• Phonetic processing: thinking about the sound of words to be learnt.
  • Sematic processing: thinking about the meaning of words to be learnt.
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1.1.2: Craik & Lockhart

: to see if the type of question asked about words will have an effect on the number of words recalled.
Method: 1. participants presented with a list of words, one at a time.
2. were then asked questions about each word and had to respond with either "yes" or "no".
3. questions either required structural, phonetic or semantic processing.
4. were then given a longer list of words and asked to identify original words.
Results: participants identified 70% of words that required semantic processing; 35% phonetic and 15% structural processing.
Conclusion: the more deeply info. is processed, the more likely it is remembered. 

✗ artificial/lacks ecological validity as real life memory tasks are not usually about learning lists of words and it took place in an artificial setting.
✗ high in demand characterisitics as participants knew they were being studied and may have therefore acted unnaturally, making the study less reliable.

Practical applications: writing down information in your own words whilst studying (which requires semantic processing) can help us recall afterwards.

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1.1.3: Forgetting - Interference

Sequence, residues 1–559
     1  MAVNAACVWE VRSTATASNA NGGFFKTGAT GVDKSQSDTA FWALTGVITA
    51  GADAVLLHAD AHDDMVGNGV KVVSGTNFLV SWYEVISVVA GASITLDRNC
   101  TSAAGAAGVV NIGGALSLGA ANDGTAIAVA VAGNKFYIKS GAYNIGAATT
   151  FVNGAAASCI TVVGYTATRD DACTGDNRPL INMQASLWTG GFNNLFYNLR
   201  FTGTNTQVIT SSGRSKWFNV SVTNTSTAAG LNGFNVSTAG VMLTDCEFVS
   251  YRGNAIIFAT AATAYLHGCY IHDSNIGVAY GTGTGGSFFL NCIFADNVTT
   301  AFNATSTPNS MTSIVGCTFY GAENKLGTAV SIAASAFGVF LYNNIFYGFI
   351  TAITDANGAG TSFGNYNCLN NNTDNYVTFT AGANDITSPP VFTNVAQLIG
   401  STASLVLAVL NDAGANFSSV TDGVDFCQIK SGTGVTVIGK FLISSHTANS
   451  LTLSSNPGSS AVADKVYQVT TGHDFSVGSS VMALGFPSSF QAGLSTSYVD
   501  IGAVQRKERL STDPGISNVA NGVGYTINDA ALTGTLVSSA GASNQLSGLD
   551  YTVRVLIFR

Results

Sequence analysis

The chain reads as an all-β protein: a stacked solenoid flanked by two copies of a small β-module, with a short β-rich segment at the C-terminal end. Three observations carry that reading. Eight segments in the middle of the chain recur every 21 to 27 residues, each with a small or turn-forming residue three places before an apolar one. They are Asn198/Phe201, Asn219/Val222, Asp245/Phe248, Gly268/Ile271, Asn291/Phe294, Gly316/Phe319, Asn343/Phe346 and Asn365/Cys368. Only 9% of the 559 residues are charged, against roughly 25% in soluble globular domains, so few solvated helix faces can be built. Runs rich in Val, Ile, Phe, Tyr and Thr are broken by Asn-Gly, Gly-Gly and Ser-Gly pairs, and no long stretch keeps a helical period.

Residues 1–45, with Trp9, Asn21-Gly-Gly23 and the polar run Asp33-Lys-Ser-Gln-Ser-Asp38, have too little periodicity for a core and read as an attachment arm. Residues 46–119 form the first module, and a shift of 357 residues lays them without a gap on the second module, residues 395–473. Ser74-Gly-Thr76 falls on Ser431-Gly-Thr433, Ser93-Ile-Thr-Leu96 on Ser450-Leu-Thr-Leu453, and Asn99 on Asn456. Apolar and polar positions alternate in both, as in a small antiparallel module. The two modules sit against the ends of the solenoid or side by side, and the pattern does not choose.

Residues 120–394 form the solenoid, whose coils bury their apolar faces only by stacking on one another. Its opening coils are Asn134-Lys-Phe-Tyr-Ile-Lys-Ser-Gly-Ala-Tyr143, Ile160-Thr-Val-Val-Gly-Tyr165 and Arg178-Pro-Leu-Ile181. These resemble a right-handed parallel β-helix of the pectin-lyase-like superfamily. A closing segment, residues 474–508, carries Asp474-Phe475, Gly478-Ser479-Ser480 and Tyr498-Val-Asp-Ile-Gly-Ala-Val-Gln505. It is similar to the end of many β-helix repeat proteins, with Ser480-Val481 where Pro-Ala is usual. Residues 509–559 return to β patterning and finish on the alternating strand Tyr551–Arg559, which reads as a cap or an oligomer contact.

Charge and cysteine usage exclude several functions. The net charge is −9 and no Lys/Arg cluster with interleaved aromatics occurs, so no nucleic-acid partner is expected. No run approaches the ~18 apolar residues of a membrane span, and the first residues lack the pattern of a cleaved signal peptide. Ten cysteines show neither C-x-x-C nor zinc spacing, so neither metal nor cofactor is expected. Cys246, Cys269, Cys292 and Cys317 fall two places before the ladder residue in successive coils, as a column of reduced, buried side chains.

• Interference: things we have learnt that make it difficult for us to recall other information we have learnt.
  • Retroactive interference: when new information hinders our ability to recall old information.
  • Proactive interference: when old information hinders our ability to recall new information.
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1.1.3: Underwood & Postman


Aim: to see if new learning interferes with previous learning.
Method: 1. participants were divided into 2 groups: 
a) group A asked to memorise a list of word pairs; then asked to memorise a second list of word pairs.
b) group B asked to memorise the first list of word pairs only.
2. both groups then asked to recall the first list of word pairs.
Results: group B's recall of the first list was more accurate than that of group A's.
Conclusion: new learning will cause people to recall previously learned info. less accurately. 

✗ artificial/lacks ecological validity as real life memory tasks are not usually about learning lists of words and it took place in an artificial setting.
✗ high in demand characterisitics as participants knew they were being studied and may have therefore acted unnaturally, making the study less reliable.

Practical applications: develop better study habits by avoiding studying 2 similar subjects (e.g. French and Spanish) during the same evening. Skills learned for one sport (e.g. Tennis) may interfere with learning skills for a different sport (e.g. Badminton). 

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1.1.3: Forgetting - Context


  • Context: the general setting or environment in which activities happen.
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1.1.3: Godden & Baddeley

: to see if people who learn and are tested in the same environment will recall more info. than those who learn and are tested in different environments.
Methods: 1. participants (deep-sea divers) were divided into 4 groups and given the same list of words to remember.
a) group 1 had to learn underwater & recall underwater.
b) group 2 had to learn underwaters & recall on shore.
c) group 3 had to learn on shore & recall on shore.
d) group 4 had to learn on shore & recall underwater.